In a message dated 7/3/01 4:45:15 AM Pacific Daylight Time, firstname.lastname@example.org
> I'm thinking of a short steel tubing sleeve with an ID that will just slip
> over the 2" OD of the bottom of the mast. Bottom of the mast and top of the
> sleeve would be carefully drilled for a hefty galvanized through-bolt. When
> removing the rotator in the future, I should be able to just pull the
> through bolt and slide the sleeve up, temporarily slipping the through bolt
> back in through a second hole in the bottom of the sleeve to hold it up out
> of the way, pull the rotator, etc.
I'm not sure what kind of antenna load you're carrying but if it's a C-3
or similar and your windspeeds are also moderate, that'll work. Unfortunately
I've never seen pinning a mast with a thru-bolt work for very long. With a
moderate antenna torque load (say something with a boom 24' or longer) and
moderate windspeeds (70 MPH), the bolt will eventually elongate the bolt
holes and then the bolt breaks. There's just too much slop in this technique
to be useful.
> The second thrust bearing and a muffler
> clamp with a piece of angle welded to it U-bolted to a tower leg would keep
> everything from flopping around while the rotator is out, and add some
> safety against vertical mast slipping.
Why wouldn't the first top TB and muffler clamp hold the vertical weight?
That's plenty - the TB will typically hold the weight and the muffler clamp a
good redundant safety back-up.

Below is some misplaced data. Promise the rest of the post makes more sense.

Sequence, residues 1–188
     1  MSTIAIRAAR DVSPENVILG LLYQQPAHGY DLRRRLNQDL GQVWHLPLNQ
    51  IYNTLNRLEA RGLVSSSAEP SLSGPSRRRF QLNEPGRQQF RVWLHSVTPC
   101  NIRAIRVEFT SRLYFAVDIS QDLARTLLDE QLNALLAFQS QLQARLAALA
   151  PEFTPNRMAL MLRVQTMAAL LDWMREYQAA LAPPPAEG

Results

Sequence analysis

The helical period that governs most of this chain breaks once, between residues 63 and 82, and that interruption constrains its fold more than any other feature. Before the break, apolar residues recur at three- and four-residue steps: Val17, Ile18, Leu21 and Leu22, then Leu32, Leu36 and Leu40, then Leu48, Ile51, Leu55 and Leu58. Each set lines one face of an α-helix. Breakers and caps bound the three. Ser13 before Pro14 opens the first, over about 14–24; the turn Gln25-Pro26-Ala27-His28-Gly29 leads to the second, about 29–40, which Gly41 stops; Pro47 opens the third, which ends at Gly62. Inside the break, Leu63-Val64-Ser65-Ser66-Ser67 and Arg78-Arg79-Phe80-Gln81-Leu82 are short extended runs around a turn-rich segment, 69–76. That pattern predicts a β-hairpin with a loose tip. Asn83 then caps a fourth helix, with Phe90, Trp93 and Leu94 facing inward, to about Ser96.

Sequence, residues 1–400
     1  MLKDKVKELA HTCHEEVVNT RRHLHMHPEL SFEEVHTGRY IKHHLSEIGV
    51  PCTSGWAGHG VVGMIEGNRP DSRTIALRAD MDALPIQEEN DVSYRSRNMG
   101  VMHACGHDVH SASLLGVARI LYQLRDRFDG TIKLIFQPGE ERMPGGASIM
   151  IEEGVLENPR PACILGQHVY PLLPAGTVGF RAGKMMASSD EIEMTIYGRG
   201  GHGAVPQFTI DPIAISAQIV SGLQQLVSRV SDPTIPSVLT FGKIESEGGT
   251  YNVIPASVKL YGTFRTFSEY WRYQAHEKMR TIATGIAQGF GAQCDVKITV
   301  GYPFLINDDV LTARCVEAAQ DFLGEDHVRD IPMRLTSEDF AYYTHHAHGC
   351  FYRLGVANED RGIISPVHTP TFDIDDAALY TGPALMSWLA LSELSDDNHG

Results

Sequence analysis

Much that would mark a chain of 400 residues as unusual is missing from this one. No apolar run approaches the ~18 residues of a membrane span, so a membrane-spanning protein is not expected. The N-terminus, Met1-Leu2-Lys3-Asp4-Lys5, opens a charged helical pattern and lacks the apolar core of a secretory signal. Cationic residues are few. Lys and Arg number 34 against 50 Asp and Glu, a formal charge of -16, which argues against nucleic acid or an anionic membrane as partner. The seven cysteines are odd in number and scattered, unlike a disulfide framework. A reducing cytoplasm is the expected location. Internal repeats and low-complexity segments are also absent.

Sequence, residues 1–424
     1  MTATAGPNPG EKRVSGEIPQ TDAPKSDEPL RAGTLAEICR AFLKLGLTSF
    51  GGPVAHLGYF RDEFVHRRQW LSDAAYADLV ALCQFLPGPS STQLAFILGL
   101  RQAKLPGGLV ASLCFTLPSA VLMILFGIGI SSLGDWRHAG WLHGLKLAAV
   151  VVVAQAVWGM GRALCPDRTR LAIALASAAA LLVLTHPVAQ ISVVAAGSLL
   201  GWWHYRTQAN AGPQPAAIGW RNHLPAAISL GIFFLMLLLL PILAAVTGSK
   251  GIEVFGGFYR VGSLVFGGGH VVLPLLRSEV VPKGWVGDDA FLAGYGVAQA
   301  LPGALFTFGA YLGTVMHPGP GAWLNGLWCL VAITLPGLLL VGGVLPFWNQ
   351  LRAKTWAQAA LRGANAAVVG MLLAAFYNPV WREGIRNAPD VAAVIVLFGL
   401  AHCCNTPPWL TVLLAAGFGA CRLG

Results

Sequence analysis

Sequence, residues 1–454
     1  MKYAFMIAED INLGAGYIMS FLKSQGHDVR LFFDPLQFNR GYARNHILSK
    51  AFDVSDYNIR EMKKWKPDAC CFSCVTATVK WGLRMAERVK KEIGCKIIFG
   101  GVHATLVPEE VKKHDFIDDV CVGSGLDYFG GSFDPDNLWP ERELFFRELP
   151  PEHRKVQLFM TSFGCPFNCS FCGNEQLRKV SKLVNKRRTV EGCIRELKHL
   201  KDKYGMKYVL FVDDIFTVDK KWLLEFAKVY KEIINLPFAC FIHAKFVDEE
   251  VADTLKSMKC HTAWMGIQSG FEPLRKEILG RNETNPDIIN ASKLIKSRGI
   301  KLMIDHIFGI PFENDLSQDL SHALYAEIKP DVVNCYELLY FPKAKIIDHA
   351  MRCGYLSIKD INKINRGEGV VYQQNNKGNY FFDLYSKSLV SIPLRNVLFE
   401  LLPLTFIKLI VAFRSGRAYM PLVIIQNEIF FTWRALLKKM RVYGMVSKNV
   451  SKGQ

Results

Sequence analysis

I'm not a big fan of second TB's because it's too easy to introduce bind
into the system if the second TB is tightened up. My suggestion would be to
only tighten the second TB bolts when you're doing a rotator swap. Otherwise
just let the mast float inside the second TB.
> The Yaesu 1000 is self-centering and
> adjustable to fit about any size sleeve in this application.
If you're using a G-1000, then you couldn't have too big of a system so
thru-bolting will probably work. All bets are off if you've got anything more
than about a 16' boom though or more than 70 MPH winds.
> Or, as an
> alternative, maybe some sort of easily removable heavy duty rubber coupling
> is available that would simply fit between a short rotor stub of 2" mast
> the remainder of the mast. Don't like that as well, though, I'd fear
> excessive flex might cause constant twisting around of the antennas in the
> wind, unless the rubber coupling was really stiff.
This was popularized by Dave Leeson, W6NL, ex-W6QHS, where he used BMW
couplers (I don't remember their original function). Use of one will increase
rotator capacity and/or reliability.
Unfortunately no one has come up with a bolt-on, long lasting one. KLM
used to make one but gave up after lots of failures. Yaesu shows a couple in
their latest rotator catalog but I haven't seen one in the flesh.
> Is anybody using a setup like this, and how is it working? The only
> possibility I see is the top of the steel sleeve might permanently deform
> from longterm bolt pressure, and be difficult to slide up. Maybe a single
> slot in the sleeve at 90 degrees from the bolt holes for springiness would
> help prevent that.
If this was my system, I'd skip the coupler and put the mast directly in
the rotator. Using a comealong to move the mast up an inch or two is a
slamdunk; you're only talking about doing this once a decade or so anyway.
Cheers, Steve K7LXC
List Sponsor: Are you thinking about installing a tower this summer? Call us
for information on our fabulous Trylon Titan self-supporting towers - up to
96-feet for less than $2000! at 888-833-3104 <A
FAQ on WWW: http://www.contesting.com/FAQ/towertalk
Administrative requests: towertalk-REQUEST@contesting.com